Changes to the Nutrition North Canada program announced on Wednesday include a new subsidy for non-perishables transported by sea, barge, or winter road.
Feminine hygiene products have also been added to the list of items eligible to be subsidized.
Eligible non-perishable items, like flour and diapers, will now be subsidized at a level of $1 per kilogram if they are shipped by barge, winter road, or sealift.
The federal government said this new subsidy will significantly lower prices of these items as it is less expensive to ship by barge or winter road than by plane. Under the subsidy, a 10-kilo pack of flour becomes $10 cheaper.
In 2017-18, Northwest Territories retailers and suppliers received $3.9 million in subsidies, accounting for 5.3 percent of the total subsidies given out.
Thirteen NWT communities are eligible for Nutrition North subsidies: Aklavik, Colville Lake, Délı̨nę, Fort Good Hope, Gametì, Łutselk’e, Norman Wells, Paulatuk, Sachs Harbour, Sambaa K’e, Tulita, Ulukhaktok, and Wekweètì.
The Nutrition North program has been criticized for years – despite frequent updates – for not making healthy foods sufficiently affordable, and struggling to adequately support people most in need.
In December, a University of Toronto researcher studying Nutrition North’s impact expressed doubt that expanding the list of subsidized items, or increasing subsidy rates, would make the required difference.
Tracy Galloway told the CBC regulated food pricing would be a better policy to pursue.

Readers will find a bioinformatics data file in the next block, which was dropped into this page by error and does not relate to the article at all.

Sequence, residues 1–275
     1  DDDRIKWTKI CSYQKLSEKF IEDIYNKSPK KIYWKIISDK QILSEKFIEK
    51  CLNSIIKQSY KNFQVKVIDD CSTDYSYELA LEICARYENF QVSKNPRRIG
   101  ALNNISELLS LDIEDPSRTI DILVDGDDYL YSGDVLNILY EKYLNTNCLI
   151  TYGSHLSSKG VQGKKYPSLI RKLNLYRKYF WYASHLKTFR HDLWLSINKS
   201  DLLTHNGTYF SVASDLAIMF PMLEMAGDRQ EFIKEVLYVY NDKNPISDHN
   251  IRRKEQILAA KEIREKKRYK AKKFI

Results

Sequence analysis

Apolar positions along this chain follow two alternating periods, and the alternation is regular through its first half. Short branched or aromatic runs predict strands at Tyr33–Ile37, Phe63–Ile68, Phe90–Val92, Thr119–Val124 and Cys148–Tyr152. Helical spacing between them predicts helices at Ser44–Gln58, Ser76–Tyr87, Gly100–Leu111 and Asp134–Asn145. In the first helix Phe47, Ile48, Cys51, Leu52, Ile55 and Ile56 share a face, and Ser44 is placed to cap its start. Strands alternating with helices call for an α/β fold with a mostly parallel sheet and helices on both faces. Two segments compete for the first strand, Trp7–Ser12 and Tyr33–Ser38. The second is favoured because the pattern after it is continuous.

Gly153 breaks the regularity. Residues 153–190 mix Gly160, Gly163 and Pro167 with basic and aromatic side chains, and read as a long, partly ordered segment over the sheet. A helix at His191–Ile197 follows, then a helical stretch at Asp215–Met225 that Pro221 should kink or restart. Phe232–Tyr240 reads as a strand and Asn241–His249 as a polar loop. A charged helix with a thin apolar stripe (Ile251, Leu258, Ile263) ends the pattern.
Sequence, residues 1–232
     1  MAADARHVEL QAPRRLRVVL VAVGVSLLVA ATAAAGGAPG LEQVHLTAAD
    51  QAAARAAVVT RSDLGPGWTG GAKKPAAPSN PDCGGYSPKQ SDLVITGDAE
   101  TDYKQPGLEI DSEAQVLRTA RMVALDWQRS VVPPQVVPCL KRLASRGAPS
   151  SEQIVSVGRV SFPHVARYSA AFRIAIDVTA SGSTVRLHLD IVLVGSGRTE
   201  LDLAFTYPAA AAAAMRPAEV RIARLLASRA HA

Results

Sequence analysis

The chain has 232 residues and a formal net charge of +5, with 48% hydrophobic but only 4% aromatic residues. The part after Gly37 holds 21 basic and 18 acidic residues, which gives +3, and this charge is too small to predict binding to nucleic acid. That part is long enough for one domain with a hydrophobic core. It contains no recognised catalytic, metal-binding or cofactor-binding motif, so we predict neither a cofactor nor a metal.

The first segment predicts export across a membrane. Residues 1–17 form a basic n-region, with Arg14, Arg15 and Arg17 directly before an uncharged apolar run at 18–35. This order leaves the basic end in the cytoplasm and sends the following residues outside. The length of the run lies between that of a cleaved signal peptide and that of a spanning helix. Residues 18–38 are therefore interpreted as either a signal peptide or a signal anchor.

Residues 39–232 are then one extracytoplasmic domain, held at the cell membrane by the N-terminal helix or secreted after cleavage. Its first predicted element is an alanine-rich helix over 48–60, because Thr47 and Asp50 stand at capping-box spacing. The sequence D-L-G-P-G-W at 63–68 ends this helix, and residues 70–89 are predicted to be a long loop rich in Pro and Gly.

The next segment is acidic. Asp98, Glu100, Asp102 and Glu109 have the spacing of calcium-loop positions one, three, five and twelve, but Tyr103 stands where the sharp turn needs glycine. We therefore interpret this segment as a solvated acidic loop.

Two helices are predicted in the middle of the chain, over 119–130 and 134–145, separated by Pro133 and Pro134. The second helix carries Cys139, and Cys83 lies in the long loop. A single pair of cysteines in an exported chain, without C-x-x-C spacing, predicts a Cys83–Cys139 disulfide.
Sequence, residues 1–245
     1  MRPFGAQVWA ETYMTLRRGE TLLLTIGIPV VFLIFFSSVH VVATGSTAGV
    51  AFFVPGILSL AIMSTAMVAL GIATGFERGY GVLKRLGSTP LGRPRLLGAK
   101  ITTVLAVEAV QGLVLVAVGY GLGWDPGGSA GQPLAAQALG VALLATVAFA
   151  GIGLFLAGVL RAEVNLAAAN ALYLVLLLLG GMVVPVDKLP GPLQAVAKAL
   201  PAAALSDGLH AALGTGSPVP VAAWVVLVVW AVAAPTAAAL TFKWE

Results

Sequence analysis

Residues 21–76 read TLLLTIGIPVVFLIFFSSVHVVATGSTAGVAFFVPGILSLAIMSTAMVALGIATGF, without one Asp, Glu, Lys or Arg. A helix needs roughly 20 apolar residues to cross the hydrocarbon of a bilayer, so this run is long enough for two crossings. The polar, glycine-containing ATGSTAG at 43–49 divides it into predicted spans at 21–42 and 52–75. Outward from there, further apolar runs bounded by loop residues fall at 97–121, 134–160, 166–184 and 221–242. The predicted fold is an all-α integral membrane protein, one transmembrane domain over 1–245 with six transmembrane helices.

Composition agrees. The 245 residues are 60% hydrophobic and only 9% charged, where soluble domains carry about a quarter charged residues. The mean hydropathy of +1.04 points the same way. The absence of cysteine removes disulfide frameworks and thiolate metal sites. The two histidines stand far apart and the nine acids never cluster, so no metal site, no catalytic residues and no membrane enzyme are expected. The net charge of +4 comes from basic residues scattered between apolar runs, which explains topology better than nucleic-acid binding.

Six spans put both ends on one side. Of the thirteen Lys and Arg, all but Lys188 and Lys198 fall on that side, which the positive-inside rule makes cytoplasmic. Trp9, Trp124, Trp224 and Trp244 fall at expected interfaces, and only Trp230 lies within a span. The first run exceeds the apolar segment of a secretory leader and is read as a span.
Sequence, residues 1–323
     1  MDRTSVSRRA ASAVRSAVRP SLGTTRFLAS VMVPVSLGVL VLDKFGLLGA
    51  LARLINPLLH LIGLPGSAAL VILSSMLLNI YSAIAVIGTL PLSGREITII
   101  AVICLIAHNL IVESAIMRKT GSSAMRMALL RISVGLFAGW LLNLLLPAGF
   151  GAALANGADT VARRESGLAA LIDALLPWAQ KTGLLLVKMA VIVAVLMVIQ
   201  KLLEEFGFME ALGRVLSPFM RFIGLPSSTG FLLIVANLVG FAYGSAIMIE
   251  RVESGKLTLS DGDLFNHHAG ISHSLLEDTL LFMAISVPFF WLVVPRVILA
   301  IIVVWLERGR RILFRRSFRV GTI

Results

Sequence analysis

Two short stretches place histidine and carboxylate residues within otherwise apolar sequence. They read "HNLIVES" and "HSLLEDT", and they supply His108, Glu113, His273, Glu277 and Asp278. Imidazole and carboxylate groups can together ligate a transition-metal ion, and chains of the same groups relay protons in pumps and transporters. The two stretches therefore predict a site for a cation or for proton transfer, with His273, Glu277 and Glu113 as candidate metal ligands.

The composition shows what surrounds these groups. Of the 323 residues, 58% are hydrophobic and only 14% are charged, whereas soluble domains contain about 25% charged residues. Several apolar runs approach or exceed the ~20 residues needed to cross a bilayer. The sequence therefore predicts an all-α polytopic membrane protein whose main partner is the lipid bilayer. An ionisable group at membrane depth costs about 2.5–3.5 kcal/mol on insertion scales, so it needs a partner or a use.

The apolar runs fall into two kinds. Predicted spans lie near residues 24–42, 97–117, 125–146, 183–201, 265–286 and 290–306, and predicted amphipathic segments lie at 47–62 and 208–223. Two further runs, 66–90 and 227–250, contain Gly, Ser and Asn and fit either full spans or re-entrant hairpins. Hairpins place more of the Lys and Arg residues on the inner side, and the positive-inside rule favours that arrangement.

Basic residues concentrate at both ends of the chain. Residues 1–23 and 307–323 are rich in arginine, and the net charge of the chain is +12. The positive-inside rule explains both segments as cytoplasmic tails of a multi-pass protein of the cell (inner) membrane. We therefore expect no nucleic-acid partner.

“This subsidy framework was put in place in 2011, and we have not seen a decline in prices. If anything, they’re going up,” Galloway told the broadcaster at the time. “And they’re going up fastest in places where retailers receive the most subsidy.”
Galloway spoke following the last updates to the program, which included higher levels of subsidies for milk, frozen fruit, frozen vegetables, infant formula, and infant food; and increased subsidy rates for perishable food.
The Nutrition North website explains subsidies are provided to retailers and suppliers who apply and are selected to receive them.
“In turn, these businesses are responsible for passing on the full subsidy to consumers,” reads the site.
The Canadian government also said it is establishing a northern-based compliance and audit review process over the next few months “to improve transparency and accountability,” saying northern policy should be “developed by northerners and for northerners.”
“This transparency measure will help ensure northern community representatives have better access to the program’s inner working and compliance audit findings,” explained a federal briefing note on the program updates.
The government said this week’s changes to the program are “directly informed” by feedback from its partners.